Concussions have become a part of the national conversation. Parents are rightfully concerned about keeping their children safe while they play sports. Reducing concussion risk starts with coaches who put safety first as well as parents willing to cry foul when play becomes overly aggressive.
Sports are second only to motor vehicle crashes as the leading cause of TBI-Traumatic Brain Injury-among people aged 15 to 24. An estimated 300,000 sport-related concussions occur annually in the U.S. Football, hockey and soccer claim the top spots as the most concussion-prone activities.
“Concussions are referred to as a mild form of a traumatic brain injury but they can be quite serious,” says Nicholas Branch, PT, DPT, NCS. “Though most people recover, concussions are serious. Long-term effects on balance, attention, learning and memory are a possibility, especially if left untreated.
THE RESULT OF IMPACT
It is a common misconception that direct head impact is required for concussions to occur. Concussions can result from any fall or jolt to the body which impacts the head, including whiplash injuries from vehicle collisions, a hard hit or a fall. Anything that forces the brain to bounce or twist inside the skull can create a concussion, which can lead to temporary or permanent brain damage.
Researchers at the New York University Concussion Center recently reviewed studies that involved athletes who sustained a concussion during sports and found that a vision test was highly useful in detecting whether a concussion had occurred. When combines with balance and cognition, the test was able to detect 100 percent of concussions that occurred among athletes.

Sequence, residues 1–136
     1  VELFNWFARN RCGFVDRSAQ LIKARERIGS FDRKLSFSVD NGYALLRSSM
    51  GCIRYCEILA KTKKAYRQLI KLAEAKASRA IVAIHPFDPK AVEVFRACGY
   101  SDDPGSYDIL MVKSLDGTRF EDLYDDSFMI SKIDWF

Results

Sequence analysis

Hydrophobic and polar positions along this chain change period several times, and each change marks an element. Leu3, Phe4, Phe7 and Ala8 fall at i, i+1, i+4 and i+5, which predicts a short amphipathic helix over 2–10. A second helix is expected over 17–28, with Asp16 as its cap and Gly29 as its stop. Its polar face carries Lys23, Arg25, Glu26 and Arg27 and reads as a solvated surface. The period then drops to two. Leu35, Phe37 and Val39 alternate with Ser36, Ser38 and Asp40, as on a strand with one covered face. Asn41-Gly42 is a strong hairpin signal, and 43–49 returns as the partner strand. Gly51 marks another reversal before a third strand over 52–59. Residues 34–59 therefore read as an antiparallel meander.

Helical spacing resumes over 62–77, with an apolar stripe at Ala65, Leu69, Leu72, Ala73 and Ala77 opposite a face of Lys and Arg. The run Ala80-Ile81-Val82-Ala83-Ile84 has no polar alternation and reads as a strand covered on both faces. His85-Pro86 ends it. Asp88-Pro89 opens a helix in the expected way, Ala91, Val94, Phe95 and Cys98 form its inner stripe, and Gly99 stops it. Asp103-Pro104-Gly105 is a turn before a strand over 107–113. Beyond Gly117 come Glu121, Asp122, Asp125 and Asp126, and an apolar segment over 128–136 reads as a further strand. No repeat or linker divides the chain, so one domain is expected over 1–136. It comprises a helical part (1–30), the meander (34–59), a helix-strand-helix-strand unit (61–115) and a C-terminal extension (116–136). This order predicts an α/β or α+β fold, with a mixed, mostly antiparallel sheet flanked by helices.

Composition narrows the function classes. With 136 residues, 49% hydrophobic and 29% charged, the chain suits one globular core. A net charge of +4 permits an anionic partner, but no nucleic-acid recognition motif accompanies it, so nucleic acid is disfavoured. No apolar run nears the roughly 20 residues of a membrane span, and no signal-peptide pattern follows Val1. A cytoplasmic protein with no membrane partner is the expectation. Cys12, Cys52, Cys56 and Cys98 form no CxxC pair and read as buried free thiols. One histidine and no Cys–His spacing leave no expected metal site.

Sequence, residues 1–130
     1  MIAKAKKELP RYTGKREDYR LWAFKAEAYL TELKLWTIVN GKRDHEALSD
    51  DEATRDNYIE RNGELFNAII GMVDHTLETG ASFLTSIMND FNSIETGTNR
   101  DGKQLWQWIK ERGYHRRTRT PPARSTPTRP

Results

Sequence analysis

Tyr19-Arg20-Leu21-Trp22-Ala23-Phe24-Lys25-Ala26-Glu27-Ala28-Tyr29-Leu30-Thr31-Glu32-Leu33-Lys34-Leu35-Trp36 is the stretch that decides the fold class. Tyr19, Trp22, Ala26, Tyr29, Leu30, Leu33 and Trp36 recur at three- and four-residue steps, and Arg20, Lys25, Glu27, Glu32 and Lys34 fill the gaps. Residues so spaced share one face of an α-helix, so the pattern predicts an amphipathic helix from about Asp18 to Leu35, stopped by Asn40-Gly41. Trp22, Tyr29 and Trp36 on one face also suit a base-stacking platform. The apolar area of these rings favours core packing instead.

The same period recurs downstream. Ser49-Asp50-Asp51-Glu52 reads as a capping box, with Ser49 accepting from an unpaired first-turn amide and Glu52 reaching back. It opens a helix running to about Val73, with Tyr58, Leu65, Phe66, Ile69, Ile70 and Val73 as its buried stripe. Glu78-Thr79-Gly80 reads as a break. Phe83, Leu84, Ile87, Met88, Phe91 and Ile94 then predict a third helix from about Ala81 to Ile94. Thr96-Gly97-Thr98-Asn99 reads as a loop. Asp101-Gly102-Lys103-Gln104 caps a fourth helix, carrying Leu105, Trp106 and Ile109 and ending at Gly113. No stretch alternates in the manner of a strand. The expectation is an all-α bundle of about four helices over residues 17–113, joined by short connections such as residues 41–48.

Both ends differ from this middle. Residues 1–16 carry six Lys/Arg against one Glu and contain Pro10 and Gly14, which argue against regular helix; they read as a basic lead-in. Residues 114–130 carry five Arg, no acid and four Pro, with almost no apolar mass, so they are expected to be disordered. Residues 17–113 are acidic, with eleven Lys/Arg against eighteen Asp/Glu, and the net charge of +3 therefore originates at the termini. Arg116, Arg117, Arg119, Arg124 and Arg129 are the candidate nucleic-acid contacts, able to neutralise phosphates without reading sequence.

While on the spot assessment is crucial, it can also take days or weeks after an injury for symptoms to start. There might be headache, neck pain, nausea, ringing in the ears, dizziness or tiredness. More serious concussion symptoms include:
- Trouble walking or sleeping
- Weakness, numbness or decrease coordination
- Repeated vomiting
- Slurred Speech
If concussion is suspected, seek medical attention immediately, especially if a person loses consciousness-no matter how briefly. Most people recover fully after a concussion, but it can take some time. Rest ifs very important as it helps the brain to heal, however strict bed rest is no longer recommended; therefore guidance from a medical/health professional specializing in concussion is critical in optimal recovery.
“Physical therapy can help people regain their balance, coordination, as well as reduce headaches or dizziness that may be the result of concussion,” says Dr. Branch.
PREVENTION STRATEGIES TO MINIMIZE CONCUSSION RISK
Studies have found that the risk for a second injury is greatest in the 10 days following an initial concussion. If you suspect that someone has a concussion, make sure they stop the activity they are doing. Their brain dysfunction might cloud thinking, slow reaction times, and affect their balance so they become more likely to have another injury.
Helmets should be worn in specific sports as appropriate and for such leisure activities as bicycling, skateboarding or riding a horse. Homes can also be made safer for everyone by removing tripping hazards such as throw rugs and clutter in walkways, and installing handrails on both sides of the stairs.
For more tips on safe play for specific sports, go to the Centers of Disease Control-